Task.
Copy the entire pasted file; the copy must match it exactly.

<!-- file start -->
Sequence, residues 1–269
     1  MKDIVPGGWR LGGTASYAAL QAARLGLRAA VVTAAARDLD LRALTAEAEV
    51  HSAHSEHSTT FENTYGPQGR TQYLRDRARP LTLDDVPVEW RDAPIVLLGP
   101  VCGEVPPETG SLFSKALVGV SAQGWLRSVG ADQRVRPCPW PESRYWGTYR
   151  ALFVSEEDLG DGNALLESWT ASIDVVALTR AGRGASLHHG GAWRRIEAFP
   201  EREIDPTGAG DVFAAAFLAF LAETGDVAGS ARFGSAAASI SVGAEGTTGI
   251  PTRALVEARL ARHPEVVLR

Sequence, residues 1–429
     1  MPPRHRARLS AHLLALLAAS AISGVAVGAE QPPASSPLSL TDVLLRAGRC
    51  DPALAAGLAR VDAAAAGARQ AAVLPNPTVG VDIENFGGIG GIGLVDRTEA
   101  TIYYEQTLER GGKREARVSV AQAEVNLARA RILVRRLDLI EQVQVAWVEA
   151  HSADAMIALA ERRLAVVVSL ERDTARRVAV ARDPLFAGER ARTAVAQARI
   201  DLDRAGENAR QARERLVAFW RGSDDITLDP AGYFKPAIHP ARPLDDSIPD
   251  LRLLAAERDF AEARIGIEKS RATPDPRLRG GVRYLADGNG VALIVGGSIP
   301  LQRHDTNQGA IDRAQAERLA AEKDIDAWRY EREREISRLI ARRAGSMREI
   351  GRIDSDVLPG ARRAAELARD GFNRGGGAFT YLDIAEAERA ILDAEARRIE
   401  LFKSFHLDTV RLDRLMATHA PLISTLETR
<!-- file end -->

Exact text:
Sequence, residues 1–269
     1  MKDIVPGGWR LGGTASYAAL QAARLGLRAA VVTAAARDLD LRALTAEAEV
    51  HSAHSEHSTT FENTYGPQGR TQYLRDRARP LTLDDVPVEW RDAPIVLLGP
   101  VCGEVPPETG SLFSKALVGV SAQGWLRSVG ADQRVRPCPW PESRYWGTYR
   151  ALFVSEEDLG DGNALLESWT ASIDVVALTR AGRGASLHHG GAWRRIEAFP
   201  EREIDPTGAG DVFAAAFLAF LAETGDVAGS ARFGSAAASI SVGAEGTTGI
   251  PTRALVEARL ARHPEVVLR

Sequence, residues 1–429
     1  MPPRHRARLS AHLLALLAAS AISGVAVGAE QPPASSPLSL TDVLLRAGRC
    51  DPALAAGLAR VDAAAAGARQ AAVLPNPTVG VDIENFGGIG GIGLVDRTEA
   101  TIYYEQTLER GGKREARVSV AQAEVNLARA RILVRRLDLI EQVQVAWVEA
   151  HSADAMIALA ERRLAVVVSL ERDTARRVAV ARDPLFAGER ARTAVAQARI
   201  DLDRAGENAR QARERLVAFW RGSDDITLDP AGYFKPAIHP ARPLDDSIPD
   251  LRLLAAERDF AEARIGIEKS RATPDPRLRG GVRYLADGNG VALIVGGSIP
   301  LQRHDTNQGA IDRAQAERLA AEKDIDAWRY EREREISRLI ARRAGSMREI
   351  GRIDSDVLPG ARRAAELARD GFNRGGGAFT YLDIAEAERA ILDAEARRIE
   401  LFKSFHLDTV RLDRLMATHA PLISTLETR